But all of these different psychotherapies don't always mean being alone with your therapist and your thoughts. Most of them can be done in groups, too. Group therapy fosters the therapeutic effects you get from interacting with other people. Not only does it help with the social aspects of mental health, but it also may remind clients that they're not alone.

In a similar way, family therapy treats the family as a system and views an individuals problem behaviors as being influenced by, or directed at, other family members. Family therapists work with multiple family members to heal relationships, improve insight and communication and mobilize communal resources.

 Conclusion (10:25)

So, the big question remains. Does psychotherapy work? You're going to have to wait until next time to find out because that is what we will be taking about, along with a look at the biomedical approach to therapy.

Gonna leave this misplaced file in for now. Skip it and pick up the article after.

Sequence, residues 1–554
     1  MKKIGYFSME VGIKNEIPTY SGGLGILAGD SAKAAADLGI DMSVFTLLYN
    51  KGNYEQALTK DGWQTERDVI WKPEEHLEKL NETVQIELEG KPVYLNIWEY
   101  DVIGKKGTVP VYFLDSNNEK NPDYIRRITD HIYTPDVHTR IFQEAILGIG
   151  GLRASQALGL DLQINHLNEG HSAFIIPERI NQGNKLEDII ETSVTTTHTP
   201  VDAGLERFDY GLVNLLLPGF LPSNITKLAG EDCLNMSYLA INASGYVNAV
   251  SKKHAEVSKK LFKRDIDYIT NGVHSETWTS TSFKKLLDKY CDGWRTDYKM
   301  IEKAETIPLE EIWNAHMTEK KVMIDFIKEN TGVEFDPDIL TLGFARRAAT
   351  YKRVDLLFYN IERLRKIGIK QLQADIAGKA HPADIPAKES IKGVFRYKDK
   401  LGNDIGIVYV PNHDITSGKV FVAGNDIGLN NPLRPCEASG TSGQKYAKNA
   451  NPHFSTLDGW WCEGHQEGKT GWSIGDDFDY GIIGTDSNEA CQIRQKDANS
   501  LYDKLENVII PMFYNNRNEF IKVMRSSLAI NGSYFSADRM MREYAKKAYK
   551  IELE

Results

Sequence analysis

For now, you've learned about the major types of psychotherapy. These include psychodynamic therapy and Freud's famous psychoanalysis, existential-humanist therapy and Roger's client-centered focus, and behavior and cognitive therapies. We also took a quick look at group and family therapy.

Thanks for watching, especially to all of our Subbable subscribers who make Crash Course free for everyone who can't pay for it. To find out how you can become a supporter, just go to

This episode was written by Kathleen Yale, edited by Blake de Pastino and our consultant is Dr. Ranjit Bhagwat. Our director and editor is Nicholas Jenkins and the script supervisor is Michael Aranda who is also our sound designer. And the graphics team is Thought Café.